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Field Mustard (Brassica campestris, Brassica rapa subsp. oleifera), fam. Brassicaceae.
Once in early spring a blooming lawn of this plant was found near one of the houses in Volkhovska street. Possibly, the seeds were not planted in purpose, but arrived there as a weed? Anyway, those bright flowers with sweet smell looked a wonderful decoration of that garden bed in March.
This is an edible wild plant, also cultivated as oil and honey plant. It is grown as a salad green vegetable, similar to Yellow Rockercress in taste and other properties (but its development and blooming start one month earlier). It is also a fodder plant for cattle, pigs and rabbits. However, its value is inferior to common cabbage and many other cruciferous vegetables.
This is also a dangerous weed. It severely exhausts the soil, absorbing large quantities of nutrients. But amazingly, it can be used for the opposite purpose – to suppress other weeds and to enrich the soil through using as green manure. Field Mustard can utilize the very first spring warmth, since its seeds sprout already at +2°C, so it does not compete with warm-loving plants that could be grown afterwards. The green biomass of Field Mustard is plowed into soil at the time of its greatest development (before the seeds ripen). The seeds contain oil, which is bitter even after any processing, and so it only has industrial application, for drying oil production.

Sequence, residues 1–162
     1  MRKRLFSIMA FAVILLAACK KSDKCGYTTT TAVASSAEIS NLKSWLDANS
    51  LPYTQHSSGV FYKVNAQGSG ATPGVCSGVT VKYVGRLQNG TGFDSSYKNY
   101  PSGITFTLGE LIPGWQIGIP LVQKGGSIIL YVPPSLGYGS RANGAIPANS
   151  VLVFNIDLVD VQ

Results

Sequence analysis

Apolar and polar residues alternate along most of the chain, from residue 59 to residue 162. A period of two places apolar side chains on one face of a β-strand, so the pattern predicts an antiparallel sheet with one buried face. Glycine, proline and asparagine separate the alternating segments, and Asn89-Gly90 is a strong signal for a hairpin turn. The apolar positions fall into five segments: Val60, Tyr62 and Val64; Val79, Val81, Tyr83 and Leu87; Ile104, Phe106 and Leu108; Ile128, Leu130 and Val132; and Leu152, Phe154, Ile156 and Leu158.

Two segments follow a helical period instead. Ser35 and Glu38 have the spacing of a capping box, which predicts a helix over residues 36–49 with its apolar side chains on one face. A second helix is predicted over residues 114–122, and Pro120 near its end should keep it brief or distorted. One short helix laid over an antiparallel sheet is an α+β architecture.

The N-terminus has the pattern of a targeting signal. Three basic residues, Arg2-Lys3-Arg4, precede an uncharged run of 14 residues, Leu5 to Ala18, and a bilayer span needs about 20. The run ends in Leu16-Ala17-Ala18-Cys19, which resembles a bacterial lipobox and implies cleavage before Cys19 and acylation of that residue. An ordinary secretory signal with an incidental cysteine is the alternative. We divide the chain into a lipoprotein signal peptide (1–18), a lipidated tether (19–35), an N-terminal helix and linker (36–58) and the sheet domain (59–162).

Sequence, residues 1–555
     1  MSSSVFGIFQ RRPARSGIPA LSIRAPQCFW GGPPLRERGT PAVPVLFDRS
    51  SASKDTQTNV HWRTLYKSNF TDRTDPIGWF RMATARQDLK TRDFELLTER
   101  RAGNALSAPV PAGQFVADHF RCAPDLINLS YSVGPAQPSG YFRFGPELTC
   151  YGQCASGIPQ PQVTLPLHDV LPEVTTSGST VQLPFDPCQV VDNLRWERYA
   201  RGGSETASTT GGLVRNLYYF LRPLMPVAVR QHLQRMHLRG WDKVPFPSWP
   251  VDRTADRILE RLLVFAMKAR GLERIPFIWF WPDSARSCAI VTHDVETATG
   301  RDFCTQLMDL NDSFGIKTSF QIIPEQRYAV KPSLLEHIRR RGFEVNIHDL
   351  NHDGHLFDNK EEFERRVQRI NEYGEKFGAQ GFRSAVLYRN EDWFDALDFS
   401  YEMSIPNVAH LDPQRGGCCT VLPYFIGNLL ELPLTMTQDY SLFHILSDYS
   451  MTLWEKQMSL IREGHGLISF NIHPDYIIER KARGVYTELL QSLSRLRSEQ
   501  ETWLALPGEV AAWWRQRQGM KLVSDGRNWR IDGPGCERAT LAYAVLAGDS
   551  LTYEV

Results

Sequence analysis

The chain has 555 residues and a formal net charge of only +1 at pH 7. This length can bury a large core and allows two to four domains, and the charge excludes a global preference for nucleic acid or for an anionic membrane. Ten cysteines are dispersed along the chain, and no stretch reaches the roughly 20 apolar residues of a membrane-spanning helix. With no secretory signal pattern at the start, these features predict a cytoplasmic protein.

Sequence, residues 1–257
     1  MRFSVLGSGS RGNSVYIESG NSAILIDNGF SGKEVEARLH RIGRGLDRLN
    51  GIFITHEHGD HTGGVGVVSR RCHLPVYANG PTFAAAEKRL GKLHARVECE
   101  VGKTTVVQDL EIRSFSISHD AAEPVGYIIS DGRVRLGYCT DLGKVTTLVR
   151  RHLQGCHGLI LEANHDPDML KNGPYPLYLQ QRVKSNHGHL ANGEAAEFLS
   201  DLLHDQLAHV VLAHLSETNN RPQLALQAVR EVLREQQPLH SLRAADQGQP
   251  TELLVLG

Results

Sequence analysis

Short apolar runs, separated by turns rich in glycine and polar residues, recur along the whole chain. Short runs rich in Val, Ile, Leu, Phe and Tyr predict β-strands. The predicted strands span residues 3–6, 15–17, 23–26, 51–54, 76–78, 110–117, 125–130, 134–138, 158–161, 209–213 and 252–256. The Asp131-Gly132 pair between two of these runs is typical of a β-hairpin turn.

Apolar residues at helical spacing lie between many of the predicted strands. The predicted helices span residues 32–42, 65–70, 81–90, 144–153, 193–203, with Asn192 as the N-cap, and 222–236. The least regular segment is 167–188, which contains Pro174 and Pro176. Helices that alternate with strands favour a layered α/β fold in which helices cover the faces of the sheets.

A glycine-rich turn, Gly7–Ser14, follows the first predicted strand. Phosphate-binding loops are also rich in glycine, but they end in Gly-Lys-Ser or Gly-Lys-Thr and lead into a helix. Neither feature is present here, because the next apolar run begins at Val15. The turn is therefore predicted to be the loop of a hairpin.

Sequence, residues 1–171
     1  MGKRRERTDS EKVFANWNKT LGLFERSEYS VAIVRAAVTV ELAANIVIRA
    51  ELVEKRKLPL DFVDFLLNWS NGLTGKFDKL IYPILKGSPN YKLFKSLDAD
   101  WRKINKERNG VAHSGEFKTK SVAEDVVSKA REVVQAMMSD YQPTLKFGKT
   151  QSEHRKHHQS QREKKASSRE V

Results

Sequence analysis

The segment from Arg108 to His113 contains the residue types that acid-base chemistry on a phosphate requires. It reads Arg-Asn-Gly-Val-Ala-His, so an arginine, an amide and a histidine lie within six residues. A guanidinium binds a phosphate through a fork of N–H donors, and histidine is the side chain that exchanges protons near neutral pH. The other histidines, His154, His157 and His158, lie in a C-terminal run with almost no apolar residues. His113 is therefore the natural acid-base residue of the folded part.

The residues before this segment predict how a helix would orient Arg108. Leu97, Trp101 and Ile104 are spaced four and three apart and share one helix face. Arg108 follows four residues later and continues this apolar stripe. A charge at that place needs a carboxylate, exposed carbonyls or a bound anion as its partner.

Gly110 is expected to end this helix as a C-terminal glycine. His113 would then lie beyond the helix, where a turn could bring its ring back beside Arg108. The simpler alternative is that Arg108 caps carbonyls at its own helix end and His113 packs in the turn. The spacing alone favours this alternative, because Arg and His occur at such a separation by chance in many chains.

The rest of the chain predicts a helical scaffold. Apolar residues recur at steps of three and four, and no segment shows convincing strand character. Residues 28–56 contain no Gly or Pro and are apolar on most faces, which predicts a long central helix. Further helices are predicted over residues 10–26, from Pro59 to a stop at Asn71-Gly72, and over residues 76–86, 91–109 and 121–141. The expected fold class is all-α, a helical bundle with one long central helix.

Common Cabbage (Brassica oleracea), of course, is also grown in the gardens of private houses of DVRZ in Kyiv, but usually it is not available to see by a passerby. However, sometimes its ornamental varieties can be met. From afar they look like large low flowers. When coming closer, you understand that this effect is only due to bright (pink, purple or white) color of the top leaves. Usually the ornamental cabbage is noticed during the cold season, for example late in autumn, when there are no true flowers around. It is very cold-resistant, easily bearing moderate frosts and temporary snow cover. Ornamental cabbage (kale) is edible, too; but most often its leaves are tough and require long cooking.